Step 1: Enter details

Enter your current zip code, then select the city and state you are moving to (not an international option, this is a US only moving app), the move size (studio, 1 bedroom, etc.) and the moving date. Then click plan my move. However, you can’t go beyond this step without setting up an account (though not a single sign-on with Gmail).

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Step 2: House Inventory

Choose from a long list of room names (kitchen, bedroom, etc.), then click on a room to bring up the screen with typical accessories for that room (beds, chests, chairs, electronics), approximate weight (in pounds), and / or cubic foot to fill. Drag and drop each item into the center screen until you’ve “tucked” everything into that space. Then move on to the next room until you have inventoried the entire house, apartment, or sublet space above a garage.

Step 3: Move timeline

Another long list of everything you need to do before, during, and after your move: from organizing paperwork, choosing your mover, taking stock of your home, packing the garage and basement, and using up the groceries (the sounded vaguely apocalyptic, but I digress).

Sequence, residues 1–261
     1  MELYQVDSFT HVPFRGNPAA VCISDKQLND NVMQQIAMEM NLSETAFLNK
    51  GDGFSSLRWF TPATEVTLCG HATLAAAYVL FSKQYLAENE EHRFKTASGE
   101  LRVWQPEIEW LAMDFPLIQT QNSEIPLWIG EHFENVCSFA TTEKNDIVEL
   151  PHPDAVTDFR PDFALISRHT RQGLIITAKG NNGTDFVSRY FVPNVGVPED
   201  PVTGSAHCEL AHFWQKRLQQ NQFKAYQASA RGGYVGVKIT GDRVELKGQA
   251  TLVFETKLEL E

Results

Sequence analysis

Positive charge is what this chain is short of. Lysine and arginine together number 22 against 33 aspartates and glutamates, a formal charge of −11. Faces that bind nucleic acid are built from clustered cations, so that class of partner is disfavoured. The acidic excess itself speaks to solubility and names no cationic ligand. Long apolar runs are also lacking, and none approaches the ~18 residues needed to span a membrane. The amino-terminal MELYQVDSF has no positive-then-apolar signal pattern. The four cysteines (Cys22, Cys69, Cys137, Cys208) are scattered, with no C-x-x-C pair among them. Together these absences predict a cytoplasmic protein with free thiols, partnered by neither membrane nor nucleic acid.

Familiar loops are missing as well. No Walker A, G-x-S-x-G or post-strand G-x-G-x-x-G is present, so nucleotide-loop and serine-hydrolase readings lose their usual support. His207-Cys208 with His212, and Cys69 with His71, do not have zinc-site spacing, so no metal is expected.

Step 4: Relocation offer

Unfortunately, this is only a click-to-call-me-back option from one of MoveAdvisor’s many vendors/partners.

Verdict: This app is not smart at all. It’s a sales-based front-end pushed into a database of local leads. It is understood that all paid for the exposure or will give MoveAdvisor a percentage of the move fee. Fair enough, but I didn’t feel the app was smart.

Perhaps there is no such thing as a free app, especially when it comes to something as difficult, costly, and stressful as moving house.


When I took on this task, I asked around to see what people I knew were using to move apps. Photographer Jonathan Ducrest(Opens in a new window) Contacted. He had recently returned to Zurich from the USA. I asked him if there was an app that handles the entire moving process end-to-end.

“I wish they existed!” Ducrest says, “But I don’t think that level of sophistication is there yet. So I used a combination of services. I have booked a flat rate(Opens in a new window), because I have used them before and trust them to get my stuff from LA to Zurich, Switzerland. But I knew I needed a top-notch solution for the packaging itself. Especially since I would enter the USA through customs at exit and into Switzerland. I used boxes for that(Opens in a new window) and highly recommend it.